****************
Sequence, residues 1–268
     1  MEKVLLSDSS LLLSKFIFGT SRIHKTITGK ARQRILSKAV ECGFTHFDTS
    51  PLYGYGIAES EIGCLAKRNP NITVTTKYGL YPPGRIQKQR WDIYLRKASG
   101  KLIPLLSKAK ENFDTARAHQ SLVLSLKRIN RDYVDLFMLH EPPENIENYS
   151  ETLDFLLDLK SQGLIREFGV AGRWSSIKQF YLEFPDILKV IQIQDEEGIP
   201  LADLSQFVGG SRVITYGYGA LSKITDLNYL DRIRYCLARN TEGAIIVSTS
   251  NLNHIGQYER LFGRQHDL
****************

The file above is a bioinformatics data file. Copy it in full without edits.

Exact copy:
Sequence, residues 1–268
     1  MEKVLLSDSS LLLSKFIFGT SRIHKTITGK ARQRILSKAV ECGFTHFDTS
    51  PLYGYGIAES EIGCLAKRNP NITVTTKYGL YPPGRIQKQR WDIYLRKASG
   101  KLIPLLSKAK ENFDTARAHQ SLVLSLKRIN RDYVDLFMLH EPPENIENYS
   151  ETLDFLLDLK SQGLIREFGV AGRWSSIKQF YLEFPDILKV IQIQDEEGIP
   201  LADLSQFVGG SRVITYGYGA LSKITDLNYL DRIRYCLARN TEGAIIVSTS
   251  NLNHIGQYER LFGRQHDL